Why It’s Time You Started Podcasting—and How to Do It

True confession: I’ve worked in broadcasting and media production in some form since before I was in high school. My first love was radio. My brother and I would write plays, stories, and news—then record and play them back on my dad’s SONY tape recorder. Had the Internet been around, we could have published those recordings as podcasts.

The world’s first podcast (by that name) was created in 2004. Today there are just over 700,000 podcasts on various channels and networks, in every conceivable language.

You’d think with all that choice it would be hard to attract an audience. That’s simultaneously true and false, but mostly false for a couple of reasons.

First, podcasting is not like terrestrial radio you’d listen to in the car. While that seems obvious, what we’re really talking about is distribution. In basic terms, radio is audio content distributed live via radio waves. Podcasting is exactly the same kind of content, usually pre-recorded, and distributed via the Internet. You can listen to both at home, or while mobile.

Second, content on traditional radio is usually very general; it’s meant to appeal to a wide and varied audience. Podcasts are the opposite. Podcasts are all about finding your niche. The more focused your podcast, the more likely you are to attract the exact audience you want.

Now to the audience question: If a traditional radio station has 10,000 listeners during a block of time, that’s a much bigger audience than a podcast with 50 listeners, right?

Wrong. Podcast listeners, especially subscribers, are qualified listeners. They’re invested in your podcast. When someone subscribes to a podcast, it’s a signal the listener wants to receive your content the moment it’s available. When someone downloads a podcast about debt collection, you can bet it’s a small to medium business looking for answers to debt problems.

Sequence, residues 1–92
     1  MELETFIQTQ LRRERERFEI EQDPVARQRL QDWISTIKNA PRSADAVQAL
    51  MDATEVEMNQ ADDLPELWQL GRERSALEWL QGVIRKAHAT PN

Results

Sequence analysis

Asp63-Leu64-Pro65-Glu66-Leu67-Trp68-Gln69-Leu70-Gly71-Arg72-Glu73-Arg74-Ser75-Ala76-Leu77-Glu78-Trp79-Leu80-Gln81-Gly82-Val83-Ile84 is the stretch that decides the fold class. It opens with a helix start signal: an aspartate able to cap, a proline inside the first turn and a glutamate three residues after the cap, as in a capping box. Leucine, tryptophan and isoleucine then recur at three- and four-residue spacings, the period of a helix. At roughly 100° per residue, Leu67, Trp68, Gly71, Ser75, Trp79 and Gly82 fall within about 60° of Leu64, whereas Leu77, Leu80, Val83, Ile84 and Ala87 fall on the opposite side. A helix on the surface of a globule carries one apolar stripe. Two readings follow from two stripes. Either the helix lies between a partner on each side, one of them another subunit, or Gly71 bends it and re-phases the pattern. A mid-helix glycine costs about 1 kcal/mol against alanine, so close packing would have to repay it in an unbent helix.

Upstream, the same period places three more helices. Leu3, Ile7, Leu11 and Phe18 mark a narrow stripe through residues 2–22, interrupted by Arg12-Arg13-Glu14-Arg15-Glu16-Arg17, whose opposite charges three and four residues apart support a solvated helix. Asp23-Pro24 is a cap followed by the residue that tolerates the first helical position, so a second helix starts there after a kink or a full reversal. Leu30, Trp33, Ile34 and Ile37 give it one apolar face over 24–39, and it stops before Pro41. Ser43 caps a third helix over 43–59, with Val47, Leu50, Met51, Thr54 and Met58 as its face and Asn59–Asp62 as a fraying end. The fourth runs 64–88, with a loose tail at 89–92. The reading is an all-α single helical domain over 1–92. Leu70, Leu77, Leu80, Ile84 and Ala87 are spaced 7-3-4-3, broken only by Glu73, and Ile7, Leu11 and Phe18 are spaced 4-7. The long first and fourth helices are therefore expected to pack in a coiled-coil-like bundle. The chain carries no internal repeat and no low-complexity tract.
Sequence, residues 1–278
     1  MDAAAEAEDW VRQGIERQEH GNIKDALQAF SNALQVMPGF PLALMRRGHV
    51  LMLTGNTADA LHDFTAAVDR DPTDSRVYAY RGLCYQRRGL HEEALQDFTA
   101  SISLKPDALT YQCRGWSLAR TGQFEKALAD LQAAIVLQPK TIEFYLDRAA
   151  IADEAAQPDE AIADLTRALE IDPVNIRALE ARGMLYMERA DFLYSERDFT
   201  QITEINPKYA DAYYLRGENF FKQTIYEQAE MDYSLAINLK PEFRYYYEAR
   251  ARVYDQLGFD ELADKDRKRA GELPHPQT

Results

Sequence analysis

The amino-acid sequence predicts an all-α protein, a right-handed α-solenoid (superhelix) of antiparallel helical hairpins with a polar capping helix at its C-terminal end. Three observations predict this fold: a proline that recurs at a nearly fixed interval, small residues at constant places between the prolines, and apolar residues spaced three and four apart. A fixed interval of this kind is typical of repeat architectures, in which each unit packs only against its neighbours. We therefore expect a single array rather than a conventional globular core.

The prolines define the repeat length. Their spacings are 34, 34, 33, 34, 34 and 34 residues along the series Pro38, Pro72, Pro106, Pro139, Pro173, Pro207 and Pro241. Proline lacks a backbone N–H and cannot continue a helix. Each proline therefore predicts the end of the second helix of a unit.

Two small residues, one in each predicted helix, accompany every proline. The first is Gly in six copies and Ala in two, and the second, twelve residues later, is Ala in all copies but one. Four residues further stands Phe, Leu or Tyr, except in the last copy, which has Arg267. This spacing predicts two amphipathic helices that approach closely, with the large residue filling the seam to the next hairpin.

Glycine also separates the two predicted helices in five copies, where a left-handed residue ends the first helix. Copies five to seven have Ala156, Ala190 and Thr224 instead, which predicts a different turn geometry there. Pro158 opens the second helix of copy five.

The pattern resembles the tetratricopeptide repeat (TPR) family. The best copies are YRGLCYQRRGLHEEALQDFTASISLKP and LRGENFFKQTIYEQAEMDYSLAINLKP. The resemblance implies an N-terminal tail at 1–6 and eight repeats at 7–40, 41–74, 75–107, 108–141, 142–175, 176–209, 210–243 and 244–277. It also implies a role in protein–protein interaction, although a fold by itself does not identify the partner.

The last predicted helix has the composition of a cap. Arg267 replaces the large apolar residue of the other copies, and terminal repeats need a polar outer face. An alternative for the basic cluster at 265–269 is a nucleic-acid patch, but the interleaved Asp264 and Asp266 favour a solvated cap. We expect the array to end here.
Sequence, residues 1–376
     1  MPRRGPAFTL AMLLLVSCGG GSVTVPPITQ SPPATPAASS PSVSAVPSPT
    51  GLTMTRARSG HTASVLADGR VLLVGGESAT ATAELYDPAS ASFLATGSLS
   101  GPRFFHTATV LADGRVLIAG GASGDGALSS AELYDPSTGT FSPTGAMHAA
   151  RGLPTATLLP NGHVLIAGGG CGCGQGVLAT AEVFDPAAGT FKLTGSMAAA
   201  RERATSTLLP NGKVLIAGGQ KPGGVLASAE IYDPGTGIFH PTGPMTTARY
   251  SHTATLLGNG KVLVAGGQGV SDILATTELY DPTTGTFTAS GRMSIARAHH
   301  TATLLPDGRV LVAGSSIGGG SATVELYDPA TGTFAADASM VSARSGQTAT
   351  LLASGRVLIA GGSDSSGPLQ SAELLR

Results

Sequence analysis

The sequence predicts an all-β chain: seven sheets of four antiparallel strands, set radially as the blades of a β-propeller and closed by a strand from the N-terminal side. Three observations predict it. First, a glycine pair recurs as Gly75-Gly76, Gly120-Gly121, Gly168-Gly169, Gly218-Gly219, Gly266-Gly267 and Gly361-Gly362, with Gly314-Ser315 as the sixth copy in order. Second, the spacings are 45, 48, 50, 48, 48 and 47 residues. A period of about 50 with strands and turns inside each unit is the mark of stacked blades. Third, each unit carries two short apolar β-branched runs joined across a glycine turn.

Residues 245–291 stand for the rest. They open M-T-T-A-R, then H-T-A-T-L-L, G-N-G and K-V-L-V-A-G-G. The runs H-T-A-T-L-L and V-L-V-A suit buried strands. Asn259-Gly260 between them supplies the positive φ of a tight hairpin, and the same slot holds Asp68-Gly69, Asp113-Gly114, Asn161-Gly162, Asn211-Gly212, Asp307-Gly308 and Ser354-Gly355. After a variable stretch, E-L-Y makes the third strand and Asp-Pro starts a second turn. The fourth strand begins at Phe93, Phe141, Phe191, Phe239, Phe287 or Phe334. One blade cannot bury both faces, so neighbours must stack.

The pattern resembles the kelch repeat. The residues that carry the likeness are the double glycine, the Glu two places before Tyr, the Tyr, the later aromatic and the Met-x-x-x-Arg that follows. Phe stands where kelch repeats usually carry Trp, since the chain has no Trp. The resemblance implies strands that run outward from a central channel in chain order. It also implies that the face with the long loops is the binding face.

Podcasting is growing. According to a survey by Edison Research and Triton Digital, half of Canadians have listened to a podcast in the last year, a third are regular podcast listeners. Of those regular podcast listeners, most listen to between five and seven podcasts regularly. Canadian listeners are also split equally by gender, income, and age.

Businesses should love podcasts too. To be effective at what it does, every business has experts with a message. The message can be that your product is unique, or simply priced better than the competition. Your business can curate and control its message on its own show.

Like most things, podcasting is easy. Good podcasting isn’t. By nature, businesses tend to focus on what they do to earn money and ignore everything else. Focus is exactly what you need to have a successful podcast. To put it another way: you’re already an expert on your business, so why not have an ongoing conversation with your customers? Rather than just talking when customers come in, a podcast affords the opportunity for a business to talk about products, services, challenges, and sometimes, just float ideas in their particular business. In addition to helping your existing clientele, it’s a way to build authority with an entirely new audience of prospective customers.

I’m going to put the production and technical side of podcasting aside. You have subject matter expertise in the realm of your business offering. At Graphos we have our marketing expertise, including deep knowledge about audio production and distribution.

Instead of try to teach you the complicated parts you don’t need to know, I want to dispel four myths about podcasting.